JA9QZH

Uozu-city, Toyama

Hideyuki's Amateur Radio Stations


Hideyuki Nebiya operates amateur radio from the following callsign stations. Please click the icon, then you will move to the home page of each callsign.





My Hobby "Amateur Radio"

1971 - I successfully passed my Phone class license, when I was 14 years old. I was stationed JE1BQE in downtown Tokyo and I started coming on the air with a TRIO TR-2200 and a home made GP antenna hanging out of the Barracks window for my 2 meter FM contacts.

1975 - I upgraded my license to 2nd Class, and my parents presented me a TRIO TS-311 HF transceiver when I was a junior high school student. I enjoyed to talk with overseas with this TS-311 (10 watts) and a home made HB9CV antenna at rooftop.

1976 - When I became a university student, I started to write some technical articles in Ham Radio Magazines at a part-time job, then I bought a Yaesu FT-101E with my salary. I had the pleasure to use this 100 watts FT-101E at home. I set up my first 20 feet tower and a triband antenna, a 3 element Mosley TA-33jr.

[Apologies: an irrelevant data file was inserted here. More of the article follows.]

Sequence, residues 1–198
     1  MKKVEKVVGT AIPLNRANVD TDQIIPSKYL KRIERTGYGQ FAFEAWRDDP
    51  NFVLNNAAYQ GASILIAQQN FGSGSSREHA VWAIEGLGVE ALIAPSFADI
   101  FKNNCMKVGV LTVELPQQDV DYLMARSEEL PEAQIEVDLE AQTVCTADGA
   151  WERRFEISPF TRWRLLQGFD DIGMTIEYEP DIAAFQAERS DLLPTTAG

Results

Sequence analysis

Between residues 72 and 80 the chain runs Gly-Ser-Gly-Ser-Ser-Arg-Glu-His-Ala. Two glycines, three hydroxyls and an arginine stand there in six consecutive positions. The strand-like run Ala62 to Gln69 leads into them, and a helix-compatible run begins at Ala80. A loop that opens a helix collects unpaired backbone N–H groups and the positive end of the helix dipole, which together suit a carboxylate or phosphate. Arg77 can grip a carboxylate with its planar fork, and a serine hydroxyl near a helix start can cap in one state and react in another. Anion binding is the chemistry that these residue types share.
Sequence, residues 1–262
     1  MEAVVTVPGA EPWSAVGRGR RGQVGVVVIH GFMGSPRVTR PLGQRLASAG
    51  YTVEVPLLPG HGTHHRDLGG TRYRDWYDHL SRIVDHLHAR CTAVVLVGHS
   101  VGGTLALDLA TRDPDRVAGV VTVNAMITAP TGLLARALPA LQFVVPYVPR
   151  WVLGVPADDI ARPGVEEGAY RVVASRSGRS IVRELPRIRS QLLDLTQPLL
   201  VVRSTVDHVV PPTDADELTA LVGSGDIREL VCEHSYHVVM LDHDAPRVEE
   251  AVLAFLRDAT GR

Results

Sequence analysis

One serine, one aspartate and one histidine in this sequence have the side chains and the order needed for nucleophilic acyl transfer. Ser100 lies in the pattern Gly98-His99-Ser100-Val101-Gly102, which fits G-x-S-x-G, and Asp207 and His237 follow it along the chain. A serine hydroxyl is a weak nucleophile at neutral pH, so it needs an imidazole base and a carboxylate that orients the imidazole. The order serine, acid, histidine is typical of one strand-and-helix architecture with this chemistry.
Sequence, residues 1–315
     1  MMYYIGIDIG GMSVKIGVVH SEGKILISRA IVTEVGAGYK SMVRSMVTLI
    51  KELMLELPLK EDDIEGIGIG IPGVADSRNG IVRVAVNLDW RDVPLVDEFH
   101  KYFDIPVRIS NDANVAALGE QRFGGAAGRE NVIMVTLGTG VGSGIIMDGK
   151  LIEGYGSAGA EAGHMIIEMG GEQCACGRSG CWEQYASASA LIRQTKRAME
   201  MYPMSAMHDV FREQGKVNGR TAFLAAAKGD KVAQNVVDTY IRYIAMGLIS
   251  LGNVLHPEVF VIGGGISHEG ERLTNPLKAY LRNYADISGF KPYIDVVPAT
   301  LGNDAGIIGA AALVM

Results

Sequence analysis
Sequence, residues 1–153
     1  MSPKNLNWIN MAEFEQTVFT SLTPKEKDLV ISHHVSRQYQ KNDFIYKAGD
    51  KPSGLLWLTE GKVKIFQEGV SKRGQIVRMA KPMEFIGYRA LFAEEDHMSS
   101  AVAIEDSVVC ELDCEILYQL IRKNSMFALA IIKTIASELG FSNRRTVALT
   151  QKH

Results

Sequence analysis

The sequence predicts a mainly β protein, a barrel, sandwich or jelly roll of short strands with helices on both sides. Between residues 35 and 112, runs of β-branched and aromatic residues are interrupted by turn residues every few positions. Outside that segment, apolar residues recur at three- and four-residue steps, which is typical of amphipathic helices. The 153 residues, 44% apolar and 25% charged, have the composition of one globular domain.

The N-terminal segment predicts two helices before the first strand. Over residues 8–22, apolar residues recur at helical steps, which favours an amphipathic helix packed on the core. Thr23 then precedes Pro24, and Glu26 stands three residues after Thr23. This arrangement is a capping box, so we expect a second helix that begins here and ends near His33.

The year of 1976 was the most enjoyable year for my Ham life. I was stationed JA9QZH in Uozu-city (Toyama Pref.). And I went to West Germany to operate ham radio as JE1BQE/DL and DK0RA.

I went abroad to operate ham radio like DL/JE1BQE, W4, W6, W8, W9/JE1BQE, KH0/JE1BQE and KK6RT/KH0 around 1976-1993.

1983 - I upgraded my license to 1st Class, I became to be able to use 1000 watts maximum power.

2013 - I was stationed JD1BOO (1000 watts) in Ogasawara Island.

2014 - I was stationed HL3ZCG in Daejeon, Korea. I sometimes visit here on my business.

Present - My current rigs are the ICOM IC-7800 and IC-PW1 1000 watts amplifier. My antenna are a 80/40 meter dipole, a 20 - 10 meter spider beam, and a 4 element HB9CV antenna for 6 meter. I work on CW mode most of the times, and I am also interested in 50MHz QSO.

73 and 88 my friends and I am looking forward to talking with you on the air soon.

Thank you for reading my HAM history.

Dr. Hideyuki Nebiya - JA9QZH






Clubs for Morse Code Communication Lovers

There are some community groups (clubs) for the person who loves Morse code communication. I am a member of "JARL A1 Club" (#1682), "Straight Key Century Club" (SKCC #3086), and "Quarter Century Wireless Association" (QCWA #28339) that consists of members who hold a current amateur radio license and held an amateur radio license 25 years ago or more.


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